In this exercise we are asked to find and photograph a series of real and implied triangles. The first shoot I undertook with this objective in mind was in Bristol. I was accompanying a group of A Level photography students on a photographic day out and, when not helping the students, looked for subjects that would fulfil the exercise. I cannot remember ever taking photos in such awful weather, torrential rain, dark skies, and cold winds. As a result the day also became an exercise in low light photography.
Fig 1 is the first of my real triangles. We found a collection of abandoned railway trucks in the old dock area. They were old, notice the War Department stamp on this truck, and were in varying states of decay. I am always drawn to the way nature relentlessly attacks and eventually destroys everything that humans make so these trucks made a great subject. There are several strong triangles formed by the structure of this particular tanker.
An alternative triangle is included in fig.2. I wanted to capture the tourist between the two verticals but mistimed the shot. The main triangle is obviously the central frame but there are several incomplete triangles formed by the various parts of the bike.
Switching to the other side of the Atlantic fig. 3 is a zoned but unbuilt marina in the Turks and Caicos islands (TCI). I captured this huge triangle but am still unsure as to whether it is a real triangle (the marina basin is rectangular and only appears triangular when viewed from this angle) or an implied triangle with converging lines towards the bottom of the frame so I will include it in both or either category.
Staying in TCI for a moment I liked this shot (fig 4) of a broken shutter taken from inside an abandoned mansion at Taylor’s Bay. It is arguably an inverse photograph as the triangle is formed by the absence of the shutter.
Figs 5 and 6 are further triangles that I liked in Turks and Caicos. I enjoy the strong contrast between sky and architecture and in the case of the church the local television transmission mast made a great combination with the Faith Tabernacle Church of God.
Returning to the old docks in Bristol and the rain. The old dock cranes have been left in place as part of City’s industrial history and judging by Flickr are popular photographic subjects.
There are at least three implied triangles in fig. 7. They all converge towards the centre of the frame.
The largest triangle neatly frames the reflection of the crane in the large puddle.
In this image many lines converge at the base of the crane. The triangles lend structure to the, otherwise empty, space in the foreground and act as lead lines to the crane and the ship along-side it.
I decided to crop this quite narrowly as the area to the right was dead space, I normally try to keep within 3:2 proportions and avoid non-standard frames as I feel this is a weak solution to correct initial poor framing. However, in this instance, where the photograph will only be displayed here on-line I think it was justified.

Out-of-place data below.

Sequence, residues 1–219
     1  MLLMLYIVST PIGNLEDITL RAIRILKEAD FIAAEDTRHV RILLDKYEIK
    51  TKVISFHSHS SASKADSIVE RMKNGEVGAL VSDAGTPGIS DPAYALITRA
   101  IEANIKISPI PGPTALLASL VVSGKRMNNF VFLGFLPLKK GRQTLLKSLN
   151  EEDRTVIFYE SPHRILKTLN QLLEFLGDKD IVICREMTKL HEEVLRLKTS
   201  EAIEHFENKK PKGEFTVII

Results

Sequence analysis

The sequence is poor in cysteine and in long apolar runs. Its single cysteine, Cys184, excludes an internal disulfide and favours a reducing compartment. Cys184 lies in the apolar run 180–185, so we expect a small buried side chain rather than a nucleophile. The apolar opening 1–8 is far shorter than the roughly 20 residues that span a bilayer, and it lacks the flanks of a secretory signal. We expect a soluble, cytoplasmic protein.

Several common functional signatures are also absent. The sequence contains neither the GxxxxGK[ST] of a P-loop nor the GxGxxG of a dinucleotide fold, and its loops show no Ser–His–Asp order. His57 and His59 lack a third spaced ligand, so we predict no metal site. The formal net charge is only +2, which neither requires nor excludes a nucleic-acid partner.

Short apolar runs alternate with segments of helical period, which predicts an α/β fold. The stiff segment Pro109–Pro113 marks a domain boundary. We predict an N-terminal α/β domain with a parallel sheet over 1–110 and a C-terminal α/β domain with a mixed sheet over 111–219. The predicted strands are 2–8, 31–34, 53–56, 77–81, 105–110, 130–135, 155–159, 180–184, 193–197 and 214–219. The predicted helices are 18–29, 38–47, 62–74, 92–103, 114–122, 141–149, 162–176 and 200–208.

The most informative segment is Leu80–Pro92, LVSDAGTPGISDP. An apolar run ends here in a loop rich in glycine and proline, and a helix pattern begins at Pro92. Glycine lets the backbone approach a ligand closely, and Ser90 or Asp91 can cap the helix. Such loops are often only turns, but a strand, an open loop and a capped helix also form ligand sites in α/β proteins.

Fig 9 is a view of the open plaza on the City side of the river in Bristol.
There is a large implied triangle defined by the railings to the right and the line of lamps to the left. A colour change in the paving forms the base of the triangle.
Harder to draw onto the picture but easily seen there is a much larger triangular shape formed by the houses to the right and either the line of lamps to the left or even the paving slabs further left. As a result the whole image has a triangular feel.
The student photographing a statue in fig. 11 created an implied triangle with the apex at the base.
Fig 12 was as near as I could get to finding an inverted triangle that converges towards the bottom of the frame. I was looking for a long shopping centre corridor or two lines of street lights but did not see any.
So, for the record, this uninspiring photo of the inside of a shopping mall is one one way of photographing this effect.
Fig 14 and fig 15 below are my still life with triangles. I had a few tries arranging items on the beach but in the end decided to look for things that had been washed up as implied triangles. Of course any three items form a triangle unless they are placed in a straight line so, for the purposes of this exercise I looked for three items that formed something near to a equilateral triangle.
In doing this I remembered a quotation by Fredrick Sommer that is reproduced in Michael Freeman’s Photographer’s Eye*, apparently Sommer had been asked whether he had arranged the subjects in a photograph and, in essence he replied that things we come across are arranged in more complex patterns than we could arrange. He closes his remark with “The forces in nature are constantly at work for us.” I chose to let the forces of nature arrange my still life images.
The final part of this exercise is to arrange people into a triangle. Fig 12 is using a general triangular shape to arrange two children and their grandmother.
As an alternative Fig 17 is a candid shot on a beach in TCI where the three boys form a neat triangle.
*Freeman, Michael (2007), The Photographer’s Eye. Lewes, The Ilex Press.